Our exploration of St. Paul continued around Rice Park, a lovely small area a block or so from the museum. It being Sunday, and this being St. Paul, numerous interesting-looking shops were closed. What was available for perusal--everywhere--were statues of Linus, from "Peanuts" fame. More than 90 of the statues are on display this summer around St. Paul, former home of the late "Peanuts" creator Charles Schulz, decorated in different ways, similar to Chicago's Cows on Parade of 1999. After seeing maybe 15 Linuses--really, after you've seen 5 of them, you get the idea--we decided to head back to Minneapolis.
Finding a cab, though, proved to be a challenge. Again, maybe because it was Sunday; maybe because it was St. Paul on a Sunday, but we walked around for the better park of an hour looking for a ride. Finally we stopped by the St. Paul Hotel near Rice Park, and asked where we could catch a cab. Must have been a slow day--St. Paul . . . Sunday . . . you get it--because the hotel's van driver offered to take us back to Minneapolis. The cost: whatever we wanted to pay.
On the way, we mentioned how we'd been walking for two days and found both cities clean, pleasant and safe. We figured we'd walked maybe 15 miles and never felt threatened. Maybe we were in just all the right places. Maybe that wasn't a factor.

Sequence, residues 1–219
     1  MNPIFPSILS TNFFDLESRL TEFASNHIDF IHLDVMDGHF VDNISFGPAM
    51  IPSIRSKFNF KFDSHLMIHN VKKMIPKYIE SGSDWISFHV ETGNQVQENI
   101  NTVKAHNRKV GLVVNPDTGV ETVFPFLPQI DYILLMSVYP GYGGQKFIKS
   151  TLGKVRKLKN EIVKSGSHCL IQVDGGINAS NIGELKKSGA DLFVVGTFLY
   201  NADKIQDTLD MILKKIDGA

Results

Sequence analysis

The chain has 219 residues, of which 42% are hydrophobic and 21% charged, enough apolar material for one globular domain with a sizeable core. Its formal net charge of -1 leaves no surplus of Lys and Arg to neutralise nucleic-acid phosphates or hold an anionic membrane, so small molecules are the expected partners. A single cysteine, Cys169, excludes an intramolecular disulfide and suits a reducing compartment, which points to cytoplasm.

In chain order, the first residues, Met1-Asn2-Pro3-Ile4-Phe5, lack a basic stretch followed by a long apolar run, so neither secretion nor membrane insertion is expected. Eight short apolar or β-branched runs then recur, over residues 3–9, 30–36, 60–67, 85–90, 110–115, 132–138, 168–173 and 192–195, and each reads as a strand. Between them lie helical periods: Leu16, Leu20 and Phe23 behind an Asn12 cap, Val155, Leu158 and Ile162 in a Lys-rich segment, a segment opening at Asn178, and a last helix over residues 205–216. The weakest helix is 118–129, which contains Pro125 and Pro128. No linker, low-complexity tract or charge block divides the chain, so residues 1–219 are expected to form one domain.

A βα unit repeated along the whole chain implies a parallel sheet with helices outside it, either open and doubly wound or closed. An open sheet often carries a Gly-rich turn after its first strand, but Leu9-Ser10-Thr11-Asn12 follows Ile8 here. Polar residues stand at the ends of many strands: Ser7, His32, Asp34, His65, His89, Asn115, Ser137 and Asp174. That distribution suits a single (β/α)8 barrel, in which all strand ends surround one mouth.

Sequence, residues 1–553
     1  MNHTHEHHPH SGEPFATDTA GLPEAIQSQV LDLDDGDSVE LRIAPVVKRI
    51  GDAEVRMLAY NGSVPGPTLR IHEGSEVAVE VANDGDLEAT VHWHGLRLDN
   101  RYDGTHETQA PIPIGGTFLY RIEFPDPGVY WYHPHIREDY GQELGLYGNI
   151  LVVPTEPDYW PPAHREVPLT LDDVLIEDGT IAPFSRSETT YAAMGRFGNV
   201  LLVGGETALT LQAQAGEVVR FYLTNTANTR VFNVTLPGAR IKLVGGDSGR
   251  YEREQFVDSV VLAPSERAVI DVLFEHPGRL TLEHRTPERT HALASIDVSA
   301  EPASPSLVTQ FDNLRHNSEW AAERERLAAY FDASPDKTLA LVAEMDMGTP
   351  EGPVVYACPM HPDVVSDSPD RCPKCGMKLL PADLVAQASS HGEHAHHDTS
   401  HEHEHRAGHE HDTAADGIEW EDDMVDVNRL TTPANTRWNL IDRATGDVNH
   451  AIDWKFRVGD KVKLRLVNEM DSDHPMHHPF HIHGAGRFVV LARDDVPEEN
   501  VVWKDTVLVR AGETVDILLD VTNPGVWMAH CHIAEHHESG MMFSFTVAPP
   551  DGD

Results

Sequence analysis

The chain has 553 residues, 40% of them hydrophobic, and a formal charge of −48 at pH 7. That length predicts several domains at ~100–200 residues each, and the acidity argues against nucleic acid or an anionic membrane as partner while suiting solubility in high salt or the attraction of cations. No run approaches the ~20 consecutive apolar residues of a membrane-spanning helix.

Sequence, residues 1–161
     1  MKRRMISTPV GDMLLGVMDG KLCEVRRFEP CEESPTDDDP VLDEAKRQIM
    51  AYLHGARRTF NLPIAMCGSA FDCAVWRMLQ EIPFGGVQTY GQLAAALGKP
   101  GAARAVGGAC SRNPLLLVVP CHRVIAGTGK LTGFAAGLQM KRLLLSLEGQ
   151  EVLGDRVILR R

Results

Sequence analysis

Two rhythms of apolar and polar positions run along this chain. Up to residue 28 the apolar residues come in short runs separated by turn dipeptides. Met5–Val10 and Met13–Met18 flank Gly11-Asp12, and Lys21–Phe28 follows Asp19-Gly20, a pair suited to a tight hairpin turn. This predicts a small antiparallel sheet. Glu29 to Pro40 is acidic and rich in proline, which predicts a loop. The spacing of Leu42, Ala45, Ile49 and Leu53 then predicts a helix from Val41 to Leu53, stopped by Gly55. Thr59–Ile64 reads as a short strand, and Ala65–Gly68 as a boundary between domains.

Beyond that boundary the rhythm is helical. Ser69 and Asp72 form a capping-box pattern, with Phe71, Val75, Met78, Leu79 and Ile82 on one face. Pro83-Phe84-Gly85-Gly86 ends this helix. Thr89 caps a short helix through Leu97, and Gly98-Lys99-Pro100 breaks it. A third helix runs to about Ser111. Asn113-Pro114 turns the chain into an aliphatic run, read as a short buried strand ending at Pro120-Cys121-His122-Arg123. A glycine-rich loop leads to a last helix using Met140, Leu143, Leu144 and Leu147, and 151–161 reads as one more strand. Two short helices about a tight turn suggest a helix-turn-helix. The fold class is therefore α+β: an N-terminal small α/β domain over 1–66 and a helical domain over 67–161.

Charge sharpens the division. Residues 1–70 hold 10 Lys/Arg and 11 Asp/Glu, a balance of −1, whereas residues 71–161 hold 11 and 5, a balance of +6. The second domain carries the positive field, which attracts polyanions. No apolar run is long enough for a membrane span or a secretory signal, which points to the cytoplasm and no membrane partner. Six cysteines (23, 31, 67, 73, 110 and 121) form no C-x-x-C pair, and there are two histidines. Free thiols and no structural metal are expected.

"It's a pretty safe city," said the driver, Ryan Sorg. "Here, people are more apt to ask you for money rather than demand it. You'll get stories--`Can I have $50? My car got towed and my wallet and all my money were in it'--that kind of thing."
We had another section of the city we wanted to explore--Uptown, a trendy area about a 10-minute cab ride from the hotel. Second-hand book stores, sidewalk cafes, coffee shops and vintage clothing stores lines the streets, which were populated mostly by under-30s. We ate at Lucia's Restaurant and Wine Bar, a small, elegant storefront place that no Minneapolis visitor should miss. A tip: Save room for dessert.
We tried to walk off our meal, but after a mile or so threw in the towel and grabbed a cab. Full, exhausted, we had done everything we wanted to do in Minneapolis.
The next morning we were up early and out the door, skipping the Embassy Suites' free breakfast spread in lieu of a visit to the equally famous Al's Breakfast.